Every day, truck driving schools graduate hundreds of new drivers ready to take the last of their CDL tests before looking for work. Some of those drivers will immediately embark on careers that will last decades; others will not make it through the first year or so on the job. The difference between the two groups often comes down to one thing: personality.
The personality of a driver goes a long way toward determining whether the individual enjoys longevity and relative success in trucking. More positive personalities tend to do a lot better. This is not to say someone with a more negative personality cannot work as a trucker for 30 years before retiring; it’s merely to say that those with positive personalities tend to find more success along the career journey.
Office Staff, Dispatchers, and Management
If the truck driving industry operated as a factory assembly line, the driver would be the last station on that line. Thousands of man-hours have already been invested – from sales to freight tracking to dispatch – before the trucker gets a load and pulls away. And every one of the workers who has had a hand in the process also has his or her own personality as well.
Unfortunately, personality conflicts can arise between truck drivers and office staff, dispatchers, and even management. The driver whose personality allows him or her to avoid these conflicts as often as possible is a driver in a better position than one who cannot seem to get along.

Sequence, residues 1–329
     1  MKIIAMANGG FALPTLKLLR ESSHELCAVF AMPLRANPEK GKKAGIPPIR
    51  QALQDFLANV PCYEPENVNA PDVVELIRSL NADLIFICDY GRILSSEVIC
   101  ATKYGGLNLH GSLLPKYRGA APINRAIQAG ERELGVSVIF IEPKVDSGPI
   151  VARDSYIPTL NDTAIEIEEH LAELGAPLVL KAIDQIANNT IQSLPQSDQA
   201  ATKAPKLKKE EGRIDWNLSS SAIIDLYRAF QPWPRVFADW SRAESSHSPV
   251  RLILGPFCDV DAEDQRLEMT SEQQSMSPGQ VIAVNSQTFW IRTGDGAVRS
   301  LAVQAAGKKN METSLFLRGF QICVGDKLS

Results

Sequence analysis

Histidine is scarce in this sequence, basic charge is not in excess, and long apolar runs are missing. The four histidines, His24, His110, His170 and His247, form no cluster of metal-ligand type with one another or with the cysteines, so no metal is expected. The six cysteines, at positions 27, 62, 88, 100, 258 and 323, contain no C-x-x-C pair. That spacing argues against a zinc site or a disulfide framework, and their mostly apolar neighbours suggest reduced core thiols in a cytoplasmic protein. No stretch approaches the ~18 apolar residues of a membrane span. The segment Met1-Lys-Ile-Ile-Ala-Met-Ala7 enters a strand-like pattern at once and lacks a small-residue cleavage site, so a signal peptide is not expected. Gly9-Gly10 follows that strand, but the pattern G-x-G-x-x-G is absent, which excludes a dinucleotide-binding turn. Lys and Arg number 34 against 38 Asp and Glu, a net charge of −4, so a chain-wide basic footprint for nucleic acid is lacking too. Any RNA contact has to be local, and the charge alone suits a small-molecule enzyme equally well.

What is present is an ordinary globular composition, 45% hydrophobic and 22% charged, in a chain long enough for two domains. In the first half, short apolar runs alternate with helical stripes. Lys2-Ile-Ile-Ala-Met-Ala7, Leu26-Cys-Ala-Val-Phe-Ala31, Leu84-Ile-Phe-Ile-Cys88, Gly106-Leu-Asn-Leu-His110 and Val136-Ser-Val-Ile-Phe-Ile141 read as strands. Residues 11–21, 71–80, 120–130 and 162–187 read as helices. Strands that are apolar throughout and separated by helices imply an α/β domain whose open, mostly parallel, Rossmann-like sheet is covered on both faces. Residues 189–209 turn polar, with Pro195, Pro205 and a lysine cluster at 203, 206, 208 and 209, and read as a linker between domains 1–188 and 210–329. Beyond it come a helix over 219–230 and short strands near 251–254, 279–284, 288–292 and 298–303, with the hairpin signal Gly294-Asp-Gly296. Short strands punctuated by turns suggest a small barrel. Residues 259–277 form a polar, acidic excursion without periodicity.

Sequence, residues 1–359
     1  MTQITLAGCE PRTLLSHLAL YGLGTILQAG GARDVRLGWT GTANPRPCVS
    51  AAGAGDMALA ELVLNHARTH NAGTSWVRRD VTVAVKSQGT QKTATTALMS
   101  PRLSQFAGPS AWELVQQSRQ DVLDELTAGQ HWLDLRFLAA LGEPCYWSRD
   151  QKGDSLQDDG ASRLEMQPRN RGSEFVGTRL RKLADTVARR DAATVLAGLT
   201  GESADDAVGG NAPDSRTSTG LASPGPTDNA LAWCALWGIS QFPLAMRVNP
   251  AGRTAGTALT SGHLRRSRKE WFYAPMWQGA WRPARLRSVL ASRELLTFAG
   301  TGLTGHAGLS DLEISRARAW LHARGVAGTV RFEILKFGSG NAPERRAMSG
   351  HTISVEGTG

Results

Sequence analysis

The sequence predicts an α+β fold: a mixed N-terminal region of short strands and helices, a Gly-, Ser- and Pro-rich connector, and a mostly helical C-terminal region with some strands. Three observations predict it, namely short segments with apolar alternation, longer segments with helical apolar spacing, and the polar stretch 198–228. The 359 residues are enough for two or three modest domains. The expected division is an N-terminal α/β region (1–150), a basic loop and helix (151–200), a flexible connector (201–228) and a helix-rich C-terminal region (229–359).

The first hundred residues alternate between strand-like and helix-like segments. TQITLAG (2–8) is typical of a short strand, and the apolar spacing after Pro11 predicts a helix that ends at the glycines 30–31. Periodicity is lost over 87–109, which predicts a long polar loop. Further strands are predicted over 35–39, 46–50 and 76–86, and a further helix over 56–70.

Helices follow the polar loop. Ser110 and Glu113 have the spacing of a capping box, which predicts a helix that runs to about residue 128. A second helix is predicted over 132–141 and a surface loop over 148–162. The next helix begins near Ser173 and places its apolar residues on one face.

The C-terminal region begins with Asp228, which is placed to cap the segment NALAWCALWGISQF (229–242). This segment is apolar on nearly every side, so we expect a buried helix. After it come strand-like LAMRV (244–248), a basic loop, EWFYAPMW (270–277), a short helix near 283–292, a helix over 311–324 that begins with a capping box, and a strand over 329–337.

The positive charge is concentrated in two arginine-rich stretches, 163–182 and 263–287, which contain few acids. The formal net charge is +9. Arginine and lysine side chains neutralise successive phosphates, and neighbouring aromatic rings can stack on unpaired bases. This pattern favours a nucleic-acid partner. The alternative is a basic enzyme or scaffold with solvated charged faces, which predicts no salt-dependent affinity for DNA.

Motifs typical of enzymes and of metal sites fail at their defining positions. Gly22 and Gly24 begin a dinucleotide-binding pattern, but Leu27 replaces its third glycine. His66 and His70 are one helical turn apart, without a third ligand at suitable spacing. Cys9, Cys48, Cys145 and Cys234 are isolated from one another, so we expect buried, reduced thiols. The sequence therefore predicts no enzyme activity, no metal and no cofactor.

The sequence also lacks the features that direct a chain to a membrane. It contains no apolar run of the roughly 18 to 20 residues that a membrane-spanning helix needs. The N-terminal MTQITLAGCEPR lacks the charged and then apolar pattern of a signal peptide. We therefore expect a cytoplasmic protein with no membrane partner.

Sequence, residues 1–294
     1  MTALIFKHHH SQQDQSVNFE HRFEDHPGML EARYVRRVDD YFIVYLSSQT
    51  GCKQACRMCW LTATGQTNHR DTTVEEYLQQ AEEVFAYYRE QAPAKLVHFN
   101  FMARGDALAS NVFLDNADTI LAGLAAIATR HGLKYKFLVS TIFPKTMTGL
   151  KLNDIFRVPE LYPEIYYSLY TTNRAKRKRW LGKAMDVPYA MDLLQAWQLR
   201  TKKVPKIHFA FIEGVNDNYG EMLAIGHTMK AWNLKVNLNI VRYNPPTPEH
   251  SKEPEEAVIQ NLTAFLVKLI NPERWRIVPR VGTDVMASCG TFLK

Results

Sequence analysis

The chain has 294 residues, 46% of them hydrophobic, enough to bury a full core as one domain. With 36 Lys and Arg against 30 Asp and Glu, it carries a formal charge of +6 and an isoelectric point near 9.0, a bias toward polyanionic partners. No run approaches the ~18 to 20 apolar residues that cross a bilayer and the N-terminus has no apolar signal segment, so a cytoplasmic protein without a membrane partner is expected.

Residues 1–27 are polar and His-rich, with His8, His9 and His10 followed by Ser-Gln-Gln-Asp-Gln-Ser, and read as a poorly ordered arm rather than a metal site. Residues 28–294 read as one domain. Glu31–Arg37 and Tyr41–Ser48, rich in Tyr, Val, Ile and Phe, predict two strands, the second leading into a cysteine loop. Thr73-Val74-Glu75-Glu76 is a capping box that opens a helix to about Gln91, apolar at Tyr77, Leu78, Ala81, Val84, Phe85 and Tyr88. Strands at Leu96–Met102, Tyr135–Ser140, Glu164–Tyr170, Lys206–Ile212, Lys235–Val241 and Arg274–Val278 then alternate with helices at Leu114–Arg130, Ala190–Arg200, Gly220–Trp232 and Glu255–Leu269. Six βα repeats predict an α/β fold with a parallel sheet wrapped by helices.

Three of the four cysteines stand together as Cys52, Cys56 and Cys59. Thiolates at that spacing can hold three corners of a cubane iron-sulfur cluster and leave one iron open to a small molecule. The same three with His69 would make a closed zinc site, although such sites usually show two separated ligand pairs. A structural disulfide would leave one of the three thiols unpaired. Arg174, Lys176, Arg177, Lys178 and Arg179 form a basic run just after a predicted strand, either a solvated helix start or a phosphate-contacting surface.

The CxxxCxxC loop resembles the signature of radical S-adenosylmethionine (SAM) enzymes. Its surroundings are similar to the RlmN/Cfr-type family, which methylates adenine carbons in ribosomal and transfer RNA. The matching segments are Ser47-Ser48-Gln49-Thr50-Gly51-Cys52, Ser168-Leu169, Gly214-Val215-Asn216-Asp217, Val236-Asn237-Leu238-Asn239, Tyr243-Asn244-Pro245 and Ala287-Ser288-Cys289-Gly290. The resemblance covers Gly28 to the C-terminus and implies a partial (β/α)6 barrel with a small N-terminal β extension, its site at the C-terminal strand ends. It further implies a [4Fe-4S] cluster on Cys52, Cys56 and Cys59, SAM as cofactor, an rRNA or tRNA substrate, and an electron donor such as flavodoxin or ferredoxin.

Driver personality is most critical where dispatchers are involved. As any experienced driver can tell you, dispatchers have the ability to make a trucker’s life extremely happy or a living hell.
Police Officers and the DOT
Experienced drivers know that personality is crucial when dealing with police officers and DOT officials. They have jobs to do as well, and they do not appreciate truckers with bad attitudes that make their jobs more difficult. They just want to do their jobs, get trucks back on the road, and get home safely to their own families.
Experience dictates that a driver is polite, friendly, and forthcoming in all interactions with police and the DOT. The more pleasant the interactions, the more likely drivers are to avoid trouble.
Shippers and Receivers
Lastly, unnecessary conflicts can arise between drivers and their shipper/receivers at the drop of a hat. A driver with a positive personality is one who knows how to defuse potential conflicts before they begin. Knowing how to say the right thing at the right time, or sometimes just keeping one’s mouth shut, is often the solution.
The other side of that coin is the driver who makes a point of being antagonistic toward shippers and receivers. Being antagonistic is one way to guarantee an unhappy career characterized by the worst loads, the longest hours, the least amount of time spent at home, etc.
So, what are employers looking for when it comes to driver personality? Experienced drivers who go out of their way to make sure things run smoothly rather than constantly looking for trouble. They are looking for team players who view what they do as just one part of a much larger operation. Experienced drivers with the right personalities are considered gold in the trucking industry; companies seek them out aggressively.
The average truck driver is a hard-working man or woman just looking to make a living and get home to his/her family. The ones with the best personalities can enjoy a decades-long career that is rewarding, fulfilling and an overall good experience.